When we came to the island getting a telephone was difficult. There just were not enough lines to go around so one had to wait until a phone number opened up. Of course then you only had HonduTel to work with and if you lived in an area with access to their lines, it was still difficult at best and almost impossible if you did not have access.
About 6 years ago or so (more or less), cellular phones came to the island! What an innovation! While we had all connected with our VHFs and depended upon that for a source of communication we now had access to cell phones.
It took us a while before my husband and I broke down and bought a phone giving up our VHF connection. Of course here on the island we have to buy minutes and these are sold at many of the stores around town. At first the cards were small but manageable and of readable size. Suddenly, one day, TIGO, in their infinite wisdom to save money (?) decided to downsize the card and now it is 1"x1". Of of course this means it is much easier to lose and to read those scratched off numbers which one must input into the phone. Then there is always the problem of being in the middle of a conversation and having no idea that you are almost out of minutes and bam, the conversation is ended. You keep talking thinking you are still connected and then suddenly realize that that other end of the line has been disconnected and there is a vast void out there.
Of course, there are times when you have minutes available but evidentially TIGO or some other power decides that “Hey, you’ve talked long enough” and the line goes dead for no reason at all. And calling is not always that easy. Sometimes you will get a message that there is no access, but if you are persistent and keep on entering the number in various ways you will get through. Sometime, for no reason, you seem to be out of reach of the tower’s band width even though you are in the same spot where you’ve made hundreds of calls. Then there are always those blackouts; unexplainable happenings wherein we get no signal even though we have enough bar codes for strength indicated.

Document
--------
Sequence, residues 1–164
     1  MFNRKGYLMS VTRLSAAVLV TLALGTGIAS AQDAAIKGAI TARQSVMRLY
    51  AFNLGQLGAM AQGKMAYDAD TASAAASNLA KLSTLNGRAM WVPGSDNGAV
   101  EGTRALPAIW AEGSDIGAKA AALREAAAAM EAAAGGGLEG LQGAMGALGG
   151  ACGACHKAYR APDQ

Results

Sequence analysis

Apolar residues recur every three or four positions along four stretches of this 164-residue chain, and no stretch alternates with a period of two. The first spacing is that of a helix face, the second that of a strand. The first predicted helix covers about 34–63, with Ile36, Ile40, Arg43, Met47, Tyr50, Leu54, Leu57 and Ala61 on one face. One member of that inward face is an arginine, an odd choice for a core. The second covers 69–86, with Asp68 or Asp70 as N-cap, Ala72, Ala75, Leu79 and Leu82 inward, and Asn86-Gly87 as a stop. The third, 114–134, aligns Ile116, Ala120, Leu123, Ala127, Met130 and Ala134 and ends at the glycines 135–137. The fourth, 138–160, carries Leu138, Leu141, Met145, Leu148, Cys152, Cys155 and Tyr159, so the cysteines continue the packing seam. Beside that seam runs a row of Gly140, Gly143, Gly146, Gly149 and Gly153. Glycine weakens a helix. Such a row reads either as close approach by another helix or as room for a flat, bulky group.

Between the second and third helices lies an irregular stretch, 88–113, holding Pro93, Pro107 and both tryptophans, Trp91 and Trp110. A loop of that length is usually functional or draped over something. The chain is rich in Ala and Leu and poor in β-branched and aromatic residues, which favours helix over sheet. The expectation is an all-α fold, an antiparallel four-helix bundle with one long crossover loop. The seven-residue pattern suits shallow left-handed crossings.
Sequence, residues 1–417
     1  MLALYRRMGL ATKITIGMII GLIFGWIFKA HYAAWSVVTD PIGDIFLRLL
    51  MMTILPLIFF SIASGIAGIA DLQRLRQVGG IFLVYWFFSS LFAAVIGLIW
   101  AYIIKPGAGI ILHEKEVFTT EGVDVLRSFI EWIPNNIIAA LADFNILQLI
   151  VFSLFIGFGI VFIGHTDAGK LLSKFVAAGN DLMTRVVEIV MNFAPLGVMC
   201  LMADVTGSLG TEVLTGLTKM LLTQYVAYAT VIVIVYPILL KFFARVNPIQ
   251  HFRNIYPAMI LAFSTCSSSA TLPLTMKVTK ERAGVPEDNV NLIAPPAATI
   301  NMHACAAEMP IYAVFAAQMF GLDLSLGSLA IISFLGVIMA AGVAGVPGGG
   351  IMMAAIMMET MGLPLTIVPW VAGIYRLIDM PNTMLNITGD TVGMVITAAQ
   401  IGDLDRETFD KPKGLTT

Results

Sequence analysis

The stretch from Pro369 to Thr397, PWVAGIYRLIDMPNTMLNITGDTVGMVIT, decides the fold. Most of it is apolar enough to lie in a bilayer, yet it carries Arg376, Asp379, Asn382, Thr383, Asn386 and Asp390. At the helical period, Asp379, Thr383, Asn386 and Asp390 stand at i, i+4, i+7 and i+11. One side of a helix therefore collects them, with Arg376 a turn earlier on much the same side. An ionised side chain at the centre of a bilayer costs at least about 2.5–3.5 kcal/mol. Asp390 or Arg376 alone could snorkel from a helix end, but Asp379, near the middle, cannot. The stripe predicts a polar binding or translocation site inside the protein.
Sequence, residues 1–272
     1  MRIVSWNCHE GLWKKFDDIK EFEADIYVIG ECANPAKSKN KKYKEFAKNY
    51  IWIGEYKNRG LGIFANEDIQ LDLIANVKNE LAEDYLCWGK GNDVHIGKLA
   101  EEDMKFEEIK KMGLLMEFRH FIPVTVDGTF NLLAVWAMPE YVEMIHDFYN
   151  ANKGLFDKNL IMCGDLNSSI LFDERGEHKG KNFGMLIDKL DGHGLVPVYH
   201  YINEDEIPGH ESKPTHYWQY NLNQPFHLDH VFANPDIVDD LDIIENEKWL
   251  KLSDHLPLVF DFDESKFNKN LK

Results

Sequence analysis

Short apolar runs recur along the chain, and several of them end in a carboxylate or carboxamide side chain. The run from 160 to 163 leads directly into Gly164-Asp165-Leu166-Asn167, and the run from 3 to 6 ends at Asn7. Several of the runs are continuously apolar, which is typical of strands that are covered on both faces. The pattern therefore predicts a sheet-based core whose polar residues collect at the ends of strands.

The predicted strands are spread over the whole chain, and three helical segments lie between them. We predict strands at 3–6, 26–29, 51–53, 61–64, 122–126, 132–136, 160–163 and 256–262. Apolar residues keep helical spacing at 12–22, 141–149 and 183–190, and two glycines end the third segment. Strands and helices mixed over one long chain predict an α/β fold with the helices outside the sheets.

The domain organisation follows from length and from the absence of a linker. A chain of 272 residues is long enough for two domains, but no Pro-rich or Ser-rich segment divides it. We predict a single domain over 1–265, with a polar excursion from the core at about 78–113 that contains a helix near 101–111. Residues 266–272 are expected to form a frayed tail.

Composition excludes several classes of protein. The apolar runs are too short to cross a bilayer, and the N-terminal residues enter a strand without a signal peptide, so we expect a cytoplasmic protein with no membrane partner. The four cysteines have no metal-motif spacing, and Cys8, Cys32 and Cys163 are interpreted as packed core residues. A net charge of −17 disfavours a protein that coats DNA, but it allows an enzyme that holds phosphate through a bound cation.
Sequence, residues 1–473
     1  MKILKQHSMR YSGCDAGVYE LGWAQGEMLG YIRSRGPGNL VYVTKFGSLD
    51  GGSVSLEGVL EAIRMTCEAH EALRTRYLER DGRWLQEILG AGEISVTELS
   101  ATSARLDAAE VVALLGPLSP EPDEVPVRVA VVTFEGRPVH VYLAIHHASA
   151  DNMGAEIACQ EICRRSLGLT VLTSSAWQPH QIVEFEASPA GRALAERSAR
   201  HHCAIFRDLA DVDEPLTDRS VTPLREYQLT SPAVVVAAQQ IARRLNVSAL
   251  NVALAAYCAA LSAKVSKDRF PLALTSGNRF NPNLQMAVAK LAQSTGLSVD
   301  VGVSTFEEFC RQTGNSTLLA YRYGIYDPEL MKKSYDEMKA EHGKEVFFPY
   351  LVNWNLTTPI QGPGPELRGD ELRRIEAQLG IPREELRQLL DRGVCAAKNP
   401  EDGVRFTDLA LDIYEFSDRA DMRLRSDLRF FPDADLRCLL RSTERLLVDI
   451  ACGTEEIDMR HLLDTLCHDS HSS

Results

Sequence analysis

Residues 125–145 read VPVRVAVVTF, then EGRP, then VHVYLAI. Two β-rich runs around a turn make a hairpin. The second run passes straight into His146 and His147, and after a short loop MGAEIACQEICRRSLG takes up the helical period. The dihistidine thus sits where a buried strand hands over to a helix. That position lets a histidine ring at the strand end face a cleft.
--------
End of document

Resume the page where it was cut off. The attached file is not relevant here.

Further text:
One becomes accustomed to these inconveniences; after all, we are now in step with the modern world and we have communication at our fingertips so we must take the good with the bad. This along with the internet has made our lives so much easier.
Of course, once they have you hooked they do all sorts of stuff. Like, make your old phone obsolete either by the way it functions or it looks. People are constantly scrambling to upgrade their phone for who knows what reason. I prefer to stick with what I have; it works so why spend more money? Then, since we live on the ocean, many phones are lost over the side of the boat!
If they can't get you with that well then the "World At Large" decided that in order to control terrorists, people running drugs and/or kidnappers everyone must now register their cell phone. Ok I say - what's the big deal? We are offered the option of registering on-line so I do. It is a little time consuming and redundant because they got all this information when I bought the phone and the number, but what the heck, in the name of safety and our future well being (?) I'll go along.